New Identify Process

New Identify Process
Interview with Candace Pert, Ph.D

The New Identify Process (NIP) and other forms of emotive psychotherapy embrace the healing tradition of catharsis - intense emotional expression is elicited within a contained therapeutic environment. This emotive therapy follows in a direct line from the earliest forms of ancient healing arts through recent scientific studies exploring the link between body and mind. The challenge for clinicians in answering the criticism about the use of catharsis is to conceptually bridge past and present in evaluating emotive methods.

Happily, an unexpected voice has joined the debate about the importance of emotional therapy. Candace Pert, Ph.D., researcher and pharmacologist, may help point the way to a resolution of a problem that has faced clinicians using emotive methods for the last 100 years. In adding her biochemical research perspective to the discussion of the meaning and value of catharsis, she is addressing a weak point and the biggest problem that exists in the field of emotive, experiential psychotherapy. She is helping to formulate, for the first time, a unified theory of emotion.

Psychological textbooks published only thirty years ago state, "Emotion is virtually impossible to define . . . except in terms of conflicting theories" and "No genuine order can be discerned within the field." As long as emotion remains an abstraction, lacking a unified theory base, it is impossible to research and validate methods of emotive therapy. The kinds of questions that need to be answered include: how emotion is manifest, how memory and emotion interact, whether emotion is concrete (real) or conceptual (a construct), if concrete, how emotion acts in the body, and how unexpressed emotion is stored.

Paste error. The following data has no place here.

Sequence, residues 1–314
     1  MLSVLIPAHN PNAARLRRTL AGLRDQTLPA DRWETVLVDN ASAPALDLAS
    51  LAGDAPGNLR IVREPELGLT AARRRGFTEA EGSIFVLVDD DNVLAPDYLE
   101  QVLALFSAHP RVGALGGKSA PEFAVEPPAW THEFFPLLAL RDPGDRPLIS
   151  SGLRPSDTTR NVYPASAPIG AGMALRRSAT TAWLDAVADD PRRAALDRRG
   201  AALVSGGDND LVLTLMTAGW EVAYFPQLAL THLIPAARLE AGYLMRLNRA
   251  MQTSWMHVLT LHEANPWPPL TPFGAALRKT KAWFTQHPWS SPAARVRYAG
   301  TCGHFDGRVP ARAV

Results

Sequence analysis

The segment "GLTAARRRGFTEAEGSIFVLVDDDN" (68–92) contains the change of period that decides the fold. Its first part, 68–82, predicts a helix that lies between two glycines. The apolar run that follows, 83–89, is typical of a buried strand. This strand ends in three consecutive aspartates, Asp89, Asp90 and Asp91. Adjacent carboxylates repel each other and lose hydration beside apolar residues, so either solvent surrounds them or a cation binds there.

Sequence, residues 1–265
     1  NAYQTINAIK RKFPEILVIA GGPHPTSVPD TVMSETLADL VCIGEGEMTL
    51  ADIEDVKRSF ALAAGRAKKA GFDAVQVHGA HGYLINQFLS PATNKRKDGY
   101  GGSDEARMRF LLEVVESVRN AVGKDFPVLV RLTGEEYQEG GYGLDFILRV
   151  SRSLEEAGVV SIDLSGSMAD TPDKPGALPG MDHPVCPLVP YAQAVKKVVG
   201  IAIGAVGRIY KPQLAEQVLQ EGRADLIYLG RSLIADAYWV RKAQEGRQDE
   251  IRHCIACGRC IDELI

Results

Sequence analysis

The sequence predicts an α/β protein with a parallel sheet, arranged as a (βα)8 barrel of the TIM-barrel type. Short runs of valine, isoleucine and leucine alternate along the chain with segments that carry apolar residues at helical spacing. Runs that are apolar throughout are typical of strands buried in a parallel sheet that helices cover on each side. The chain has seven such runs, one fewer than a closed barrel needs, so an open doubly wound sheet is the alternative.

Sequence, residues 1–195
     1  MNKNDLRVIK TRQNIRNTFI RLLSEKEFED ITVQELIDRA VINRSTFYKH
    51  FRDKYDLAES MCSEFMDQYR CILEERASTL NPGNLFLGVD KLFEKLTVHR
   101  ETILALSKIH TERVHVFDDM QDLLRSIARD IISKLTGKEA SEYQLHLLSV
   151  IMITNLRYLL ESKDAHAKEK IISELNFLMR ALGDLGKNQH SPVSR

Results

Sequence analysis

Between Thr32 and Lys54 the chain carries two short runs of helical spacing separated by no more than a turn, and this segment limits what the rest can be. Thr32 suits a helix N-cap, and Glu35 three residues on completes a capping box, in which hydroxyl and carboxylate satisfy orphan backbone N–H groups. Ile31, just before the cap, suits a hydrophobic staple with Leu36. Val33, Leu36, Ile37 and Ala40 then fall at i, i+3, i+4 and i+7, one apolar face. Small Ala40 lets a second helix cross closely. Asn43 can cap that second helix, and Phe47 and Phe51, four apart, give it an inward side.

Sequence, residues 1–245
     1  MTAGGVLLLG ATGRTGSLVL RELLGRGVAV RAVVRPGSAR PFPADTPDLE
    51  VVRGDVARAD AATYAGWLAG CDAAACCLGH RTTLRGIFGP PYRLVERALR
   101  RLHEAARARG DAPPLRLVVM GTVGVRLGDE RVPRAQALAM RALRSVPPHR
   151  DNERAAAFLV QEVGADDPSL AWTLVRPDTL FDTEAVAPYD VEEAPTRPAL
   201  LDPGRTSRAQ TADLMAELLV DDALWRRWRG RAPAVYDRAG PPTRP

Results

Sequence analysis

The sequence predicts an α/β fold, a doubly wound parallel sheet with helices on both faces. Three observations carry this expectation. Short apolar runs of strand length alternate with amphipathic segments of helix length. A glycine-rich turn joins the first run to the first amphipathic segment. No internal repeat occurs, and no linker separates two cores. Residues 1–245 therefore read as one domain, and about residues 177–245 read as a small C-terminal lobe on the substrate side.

Enter into this discussion Dr Candace Pert. For the past twenty years, Pert has been studying the movement of amino acid chains in the human body. In the process, she is unraveling the mystery of mind-body communication and changing forever the way we understand emotion.

For Pert, pharmacologist and professor at Georgetown University, the mind is not just in the brain - it is also in the body. The vehicle that the mind and body use to communicate with each other is the chemistry of emotion. The chemicals in question are molecules, short chains of amino acids called peptides and receptors, that she believes to be the "biochemical correlate of emotion." The peptides can be found in your brain, but also in your stomach, your muscles, your glands and all your major organs, sending messages back and forth. After decades of research, Pert is finally able to make clear how emotion creates the bridge between mind and body.

Candace Pert lives in the world where emotions make scientific sense. As former Chief of Brain Biochemistry at the NIH for 13 years, she studied the inner workings of the body with an eye towards identifying and locating peptides and receptors. She became convinced these chemicals were the physical manifestation of emotion.

In 1993, Pert appeared on Bill Moyer's landmark TV program Healing and Mind, where she explained her theories of emotion to a national audience. She attracted attention for being that rare scientist who can explain their work to a lay audience with a sense of humor and passion. These days Pert spends substantial amount of time in Rockville, Maryland, as a consultant on the trials of a new drug, Peptide T, that is part of a non-toxic AIDS therapy. She takes some time from her research and teaching schedule to lecture internationally on the issues of neuropeptides and mind-body communications.

This is an extract Lynn Grodzki's interview with Candace Pert, Ph.D which can be read in its entirety and other articles about methods of emotive psychotherapy
at Candace Pert's book 'Molecules of Emotion' is published by Pocket Books and costs £8.99. ISBN 0-671-03397-2

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